Advent Longing

Advent is a time of waiting. The Advent wreath is a reminder of that waiting. For children and maybe even for some adults it is waiting for Christmas. Only two weeks left; only 19 shopping days left…

While the Advent season is about watching and waiting, I believe that the word waiting can often be understood as a passive act, like when my father would take my mother shopping and would wait in the car for what seemed like endless hours until she returned. Advent is not about passive waiting. Rather, I think Advent is best understood more accurately as a time of “longing.”

The truth is we are not complete. And we will never be complete until we are completely one with the loving God who created us. There is a part of us that knows this but we often don’t give it much attention. Advent calls us to remember that and to long for that completion. As our scripture readings today suggest we are called to eagerly “await a new heavens and a new earth.” We are called to long for that day when “every valley shall be filled in and every mountain and hill shall be made low.” The day when the glory of the Lord will be revealed; when kindness and truth shall meet, and justice and peace shall kiss.

In our Gospel today we are reminded that the people of Israel and John the Baptist not only waited for a Messiah they longed for a messiah. John proclaiming that “One mightier than I is coming after me. I am not worthy to stoop and loosen the thongs of his sandals.”

We are called during Advent to recognize our incompleteness and to long for unity with God by recognizing those things (those sins) that keep us separated from God. In our second reading, St. Peter in speaking about  the coming of the day of God says, “the heavens will be dissolved in flames and the elements melted by fire.” This reminded me of a principle in chemistry: that sometimes two elements will simply lie side by side inside a test-tube and not unite until sufficient heat is applied so as to bring them to a high enough temperature where unity can take place. That heat that can unite us to the Lord is the fire of his love and mercy. The Season of Advent is a time for us to open our hearts to Christ so as to become more united to him.

Advent is about getting in touch with our longing. It’s about letting our yearnings raise our psychic temperatures so that we are pushed to eventually let down our guard, hope in new ways, and risk intimacy with God and others.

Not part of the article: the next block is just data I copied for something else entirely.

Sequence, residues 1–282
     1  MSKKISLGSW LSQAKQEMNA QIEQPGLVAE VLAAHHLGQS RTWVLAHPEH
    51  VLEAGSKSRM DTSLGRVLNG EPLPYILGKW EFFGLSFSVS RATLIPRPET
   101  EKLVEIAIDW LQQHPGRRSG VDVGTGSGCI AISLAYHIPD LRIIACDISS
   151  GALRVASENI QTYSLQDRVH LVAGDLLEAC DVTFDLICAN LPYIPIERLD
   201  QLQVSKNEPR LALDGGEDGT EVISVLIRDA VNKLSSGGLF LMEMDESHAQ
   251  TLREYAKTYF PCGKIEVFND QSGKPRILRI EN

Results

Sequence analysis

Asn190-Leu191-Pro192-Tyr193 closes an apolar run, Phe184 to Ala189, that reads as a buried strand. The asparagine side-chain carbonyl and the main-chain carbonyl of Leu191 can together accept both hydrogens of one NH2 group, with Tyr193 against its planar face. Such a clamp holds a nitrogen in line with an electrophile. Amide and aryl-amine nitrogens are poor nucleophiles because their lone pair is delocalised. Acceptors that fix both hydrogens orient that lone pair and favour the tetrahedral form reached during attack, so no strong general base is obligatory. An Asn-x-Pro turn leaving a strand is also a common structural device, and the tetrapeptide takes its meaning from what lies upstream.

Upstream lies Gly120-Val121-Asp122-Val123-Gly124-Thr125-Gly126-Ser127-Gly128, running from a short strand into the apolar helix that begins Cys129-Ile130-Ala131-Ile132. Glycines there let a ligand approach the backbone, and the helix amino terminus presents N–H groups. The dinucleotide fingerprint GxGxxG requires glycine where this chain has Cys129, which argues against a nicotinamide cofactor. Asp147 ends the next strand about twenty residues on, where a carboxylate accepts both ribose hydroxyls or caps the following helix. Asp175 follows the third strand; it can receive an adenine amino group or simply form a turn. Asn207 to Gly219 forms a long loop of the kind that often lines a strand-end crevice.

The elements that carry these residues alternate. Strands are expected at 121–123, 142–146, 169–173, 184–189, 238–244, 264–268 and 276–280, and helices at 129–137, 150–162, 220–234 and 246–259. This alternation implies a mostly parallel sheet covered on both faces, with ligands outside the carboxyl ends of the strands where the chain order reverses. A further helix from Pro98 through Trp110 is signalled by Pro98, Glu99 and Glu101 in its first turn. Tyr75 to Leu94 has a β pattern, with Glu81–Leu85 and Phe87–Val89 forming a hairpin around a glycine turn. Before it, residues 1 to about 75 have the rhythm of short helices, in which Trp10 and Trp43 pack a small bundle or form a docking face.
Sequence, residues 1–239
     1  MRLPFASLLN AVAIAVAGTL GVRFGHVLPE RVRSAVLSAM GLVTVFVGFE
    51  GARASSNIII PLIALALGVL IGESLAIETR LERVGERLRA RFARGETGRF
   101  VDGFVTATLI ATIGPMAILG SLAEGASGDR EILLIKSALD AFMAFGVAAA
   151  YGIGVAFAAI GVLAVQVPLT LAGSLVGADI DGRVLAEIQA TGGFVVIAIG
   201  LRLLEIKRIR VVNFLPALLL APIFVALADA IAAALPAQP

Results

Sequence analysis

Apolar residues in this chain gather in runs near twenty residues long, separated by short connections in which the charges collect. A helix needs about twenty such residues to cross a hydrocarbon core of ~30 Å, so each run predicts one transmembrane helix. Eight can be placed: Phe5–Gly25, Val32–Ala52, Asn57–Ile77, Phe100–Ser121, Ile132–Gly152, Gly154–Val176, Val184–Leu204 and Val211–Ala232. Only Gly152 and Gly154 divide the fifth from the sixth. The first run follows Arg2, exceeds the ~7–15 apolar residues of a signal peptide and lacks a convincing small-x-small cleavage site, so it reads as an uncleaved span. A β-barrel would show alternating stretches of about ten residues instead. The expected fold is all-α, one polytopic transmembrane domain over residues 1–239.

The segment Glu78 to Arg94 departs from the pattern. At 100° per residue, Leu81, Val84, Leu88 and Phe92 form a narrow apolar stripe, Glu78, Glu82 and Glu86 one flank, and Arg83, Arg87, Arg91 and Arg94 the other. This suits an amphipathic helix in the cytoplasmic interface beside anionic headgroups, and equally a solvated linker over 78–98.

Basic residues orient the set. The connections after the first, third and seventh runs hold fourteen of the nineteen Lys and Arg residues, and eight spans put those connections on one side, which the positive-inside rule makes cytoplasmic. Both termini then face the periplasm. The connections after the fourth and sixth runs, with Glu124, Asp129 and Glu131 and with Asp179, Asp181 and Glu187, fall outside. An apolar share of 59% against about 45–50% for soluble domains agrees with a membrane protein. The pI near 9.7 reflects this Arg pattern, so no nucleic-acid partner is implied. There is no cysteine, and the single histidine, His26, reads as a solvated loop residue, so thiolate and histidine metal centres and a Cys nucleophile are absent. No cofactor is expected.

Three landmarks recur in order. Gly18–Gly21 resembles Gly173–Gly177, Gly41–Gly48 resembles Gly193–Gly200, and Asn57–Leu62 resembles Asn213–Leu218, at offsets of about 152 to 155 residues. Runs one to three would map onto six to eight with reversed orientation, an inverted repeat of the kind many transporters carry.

St. John of the Cross suggests that intimacy with God and with each other will only take place, when we reach a certain kindling temperature. For too much of our lives, he suggests, we lie around as damp, green logs inside the fire of love, waiting to come to flame but never bursting into flame because of our dampness. Before we can burst into flame, we must first dry out and come to kindling temperature. We do that by first sizzling for a long time in the flames, as does a damp log inside a fire, so as to dry out.

John of the Cross describes this experience of “sizzling” as enduring the pain of loneliness, restlessness, disquiet, anxiety, frustration, and unrequited desire. In the torment of incompleteness our psychic temperature rises so that eventually we come to kindling temperature and, there, we finally open ourselves to union in new ways.

I think however, St. Augustine said it best, “Thou hast made us for thyself, O Lord, and our heart is restless until it finds its rest in thee.”

May God’s grace in this Eucharist help us during this Advent season to so long for the One who loves us like no other, so as to recognize those things that keep us from being closer to God.

May the struggles we face in life serve to remind us that nothing in this life can ever bring total happiness, (although television commercials will try to tell you different). Such completeness can only be found in unity with Him as we long for that day when all will be one…all will be complete according to his promise.


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